2. To stretch the hip adductor muscles, sit on the floor and put the soles of your feet together, holding your feet with your hands. Very gently pull yourself forward until you feel a stretch, not pain, in the groin muscles. Make sure to lean from the hips and lower back, not the upper back and neck. Hold this stretch for 20 to 30 seconds. Work on stretching all of the muscles of the hip, as they will have been affected by the alteration in gait.

3. Strengthening the hip abductors is very important. Lie on your side and lift the upper leg 25 to 30 inches, making sure that your pelvis remains perpendicular to the floor. Hold this position for 10 seconds. Perform 10 repetitions at the start and gradually increase the number over time. As you become stronger, you may wear an ankle weight while performing this exercise. You can work other major hip muscles in a similar manner, lying on your back for the flexors, on your abdomen for the extensors (upper hamstrings) and on your side with the upper (non-exercise) leg moved back for the adductors.

4. Pretzel Stretch.  Start off by lying on your back, bend your knees and cross your right leg over your left so that your right ankle rest on your left knee in a figure four position. Then bring your left leg towards your chest by bending at the hip. Reach through and grab your left thigh to help pull things toward your chest.)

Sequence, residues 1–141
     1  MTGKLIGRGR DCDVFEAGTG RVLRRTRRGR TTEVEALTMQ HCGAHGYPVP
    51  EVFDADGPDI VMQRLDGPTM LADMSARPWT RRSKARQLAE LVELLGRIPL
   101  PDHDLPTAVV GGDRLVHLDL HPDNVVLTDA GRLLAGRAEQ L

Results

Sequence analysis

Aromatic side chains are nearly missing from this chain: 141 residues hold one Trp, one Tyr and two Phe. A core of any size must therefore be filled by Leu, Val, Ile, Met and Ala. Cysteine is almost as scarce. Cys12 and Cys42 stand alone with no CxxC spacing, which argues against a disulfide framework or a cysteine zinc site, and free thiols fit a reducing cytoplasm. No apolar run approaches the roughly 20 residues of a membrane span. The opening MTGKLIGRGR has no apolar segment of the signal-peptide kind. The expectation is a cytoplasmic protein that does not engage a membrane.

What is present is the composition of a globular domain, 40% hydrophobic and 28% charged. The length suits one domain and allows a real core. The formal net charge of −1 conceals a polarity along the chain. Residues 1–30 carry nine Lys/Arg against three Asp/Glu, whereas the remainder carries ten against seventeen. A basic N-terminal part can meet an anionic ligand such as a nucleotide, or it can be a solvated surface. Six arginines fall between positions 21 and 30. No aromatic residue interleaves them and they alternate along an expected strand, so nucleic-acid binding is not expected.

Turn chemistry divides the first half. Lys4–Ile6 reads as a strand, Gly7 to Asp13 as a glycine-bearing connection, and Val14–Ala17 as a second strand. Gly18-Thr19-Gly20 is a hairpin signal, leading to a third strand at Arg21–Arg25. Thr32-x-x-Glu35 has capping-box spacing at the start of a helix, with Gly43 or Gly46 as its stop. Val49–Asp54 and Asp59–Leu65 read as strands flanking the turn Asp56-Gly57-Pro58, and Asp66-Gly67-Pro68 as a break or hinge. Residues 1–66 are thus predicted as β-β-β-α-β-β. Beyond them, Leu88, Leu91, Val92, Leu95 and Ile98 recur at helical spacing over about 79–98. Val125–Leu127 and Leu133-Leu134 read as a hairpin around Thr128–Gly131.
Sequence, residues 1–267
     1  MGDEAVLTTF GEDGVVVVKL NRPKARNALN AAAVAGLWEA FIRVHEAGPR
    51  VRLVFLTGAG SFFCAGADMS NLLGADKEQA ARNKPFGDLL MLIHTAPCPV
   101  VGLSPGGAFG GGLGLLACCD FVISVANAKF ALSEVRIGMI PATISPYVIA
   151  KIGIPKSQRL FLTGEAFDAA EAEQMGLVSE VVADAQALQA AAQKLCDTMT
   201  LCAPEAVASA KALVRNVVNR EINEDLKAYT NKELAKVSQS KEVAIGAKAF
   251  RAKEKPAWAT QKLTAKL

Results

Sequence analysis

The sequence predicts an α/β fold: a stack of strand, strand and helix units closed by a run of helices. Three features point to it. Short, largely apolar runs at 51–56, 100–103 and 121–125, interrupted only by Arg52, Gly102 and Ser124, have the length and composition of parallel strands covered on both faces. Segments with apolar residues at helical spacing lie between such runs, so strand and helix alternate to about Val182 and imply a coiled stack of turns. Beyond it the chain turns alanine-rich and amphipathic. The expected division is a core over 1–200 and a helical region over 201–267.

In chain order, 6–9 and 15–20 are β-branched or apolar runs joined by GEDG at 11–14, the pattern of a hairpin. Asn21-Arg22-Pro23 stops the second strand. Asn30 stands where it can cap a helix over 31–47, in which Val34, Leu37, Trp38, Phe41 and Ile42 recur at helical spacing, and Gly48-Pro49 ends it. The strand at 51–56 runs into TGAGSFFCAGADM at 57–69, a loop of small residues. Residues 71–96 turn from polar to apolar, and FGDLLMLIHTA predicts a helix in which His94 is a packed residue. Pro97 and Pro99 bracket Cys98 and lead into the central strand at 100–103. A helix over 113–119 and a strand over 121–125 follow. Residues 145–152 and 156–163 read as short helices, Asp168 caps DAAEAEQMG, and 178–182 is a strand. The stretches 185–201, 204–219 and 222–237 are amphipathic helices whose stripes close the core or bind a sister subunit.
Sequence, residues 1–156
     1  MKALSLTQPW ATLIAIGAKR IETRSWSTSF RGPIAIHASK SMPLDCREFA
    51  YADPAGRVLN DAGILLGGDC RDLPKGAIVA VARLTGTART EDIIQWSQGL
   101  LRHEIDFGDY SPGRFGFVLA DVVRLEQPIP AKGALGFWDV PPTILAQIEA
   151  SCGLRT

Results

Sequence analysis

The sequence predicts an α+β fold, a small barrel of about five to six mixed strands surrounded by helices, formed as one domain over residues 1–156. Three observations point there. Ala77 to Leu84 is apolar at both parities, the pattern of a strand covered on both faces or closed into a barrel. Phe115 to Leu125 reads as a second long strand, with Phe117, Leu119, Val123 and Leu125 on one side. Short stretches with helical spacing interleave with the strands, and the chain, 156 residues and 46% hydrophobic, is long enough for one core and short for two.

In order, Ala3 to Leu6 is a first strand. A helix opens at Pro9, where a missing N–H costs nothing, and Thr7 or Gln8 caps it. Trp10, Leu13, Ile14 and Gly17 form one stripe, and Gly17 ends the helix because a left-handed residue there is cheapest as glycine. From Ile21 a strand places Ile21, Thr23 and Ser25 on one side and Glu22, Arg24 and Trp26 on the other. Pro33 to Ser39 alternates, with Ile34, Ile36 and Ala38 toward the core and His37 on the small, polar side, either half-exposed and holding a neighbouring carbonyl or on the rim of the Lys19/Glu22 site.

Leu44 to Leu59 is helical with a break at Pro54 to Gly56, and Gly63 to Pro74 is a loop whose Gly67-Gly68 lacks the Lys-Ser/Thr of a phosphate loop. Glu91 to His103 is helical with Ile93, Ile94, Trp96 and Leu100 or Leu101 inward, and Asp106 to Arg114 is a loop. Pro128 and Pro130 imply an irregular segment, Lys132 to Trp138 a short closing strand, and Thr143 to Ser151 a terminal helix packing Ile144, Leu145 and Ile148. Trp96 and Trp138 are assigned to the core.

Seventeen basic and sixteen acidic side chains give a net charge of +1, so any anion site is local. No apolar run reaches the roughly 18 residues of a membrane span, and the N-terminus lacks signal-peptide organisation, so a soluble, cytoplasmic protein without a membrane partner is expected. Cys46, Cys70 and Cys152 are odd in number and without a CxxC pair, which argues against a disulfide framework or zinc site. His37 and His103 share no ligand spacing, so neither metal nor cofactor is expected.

5. Standing active stretch (lift injured leg, rotate leg inward, pointing toward other leg, and hold for 10 seconds, repeat).
6. Lying down active stretch (lying down face down, bend your knee at a right angle so that your lower leg is pointing straight up, now rotate your leg so that your foot moves outward, away from you, when you reach maximum stretch hold for 10 seconds, repeat).
7. Lie on back, flex injured hip and knee, grasp injured knee with uninjured-side hand, pull knee towards uninjured-side shoulder, grasp just above right ankle with injured-side hand, and rotate ankle outwards.
8. Stand on your uninjured foot, place injured foot on chair such that injured knee and hip are flexed at about 90 degrees. Now, using injured side hand, press the injured knee across towards the other side of the body while keeping the ball of the injured foot on the same spot of the chair.
9. Golf/Tennis ball massage. Sit on it.  If massage isn’t in your budget, try self-massage with a tennis or gold ball.  While sitting on the floor, place the tennis ball under your buttocks and gradually ease your body weight on the ball. While rolling the area slowly, take note of sensitive or painful spots (trigger points).  Sit on the sore area for 15 seconds and continue rolling.  This mimics a massage (not exactly) and can help break up the trigger points, relaxing the muscle and increasing blood flow to the area. A physical therapist can also help you perfect your self-massage technique.
Also, by using a foam roller you can begin to correct normal muscle function, releasing tension in the knee and hip joints.  Less tension means less risk for injury.

So now the pain has moved away from my bum muscles but still in my upper hamstrings same leg where I am nursing the ITBS :(.

Advertisements

Leave a Reply

Fill in your details below or click an icon to log in:

WordPress.com Logo

You are commenting using your WordPress.com account. Log Out / Change )

Twitter picture

You are commenting using your Twitter account. Log Out / Change )

Facebook photo

You are commenting using your Facebook account. Log Out / Change )

Google+ photo

You are commenting using your Google+ account. Log Out / Change )

Connecting to %s

%d bloggers like this: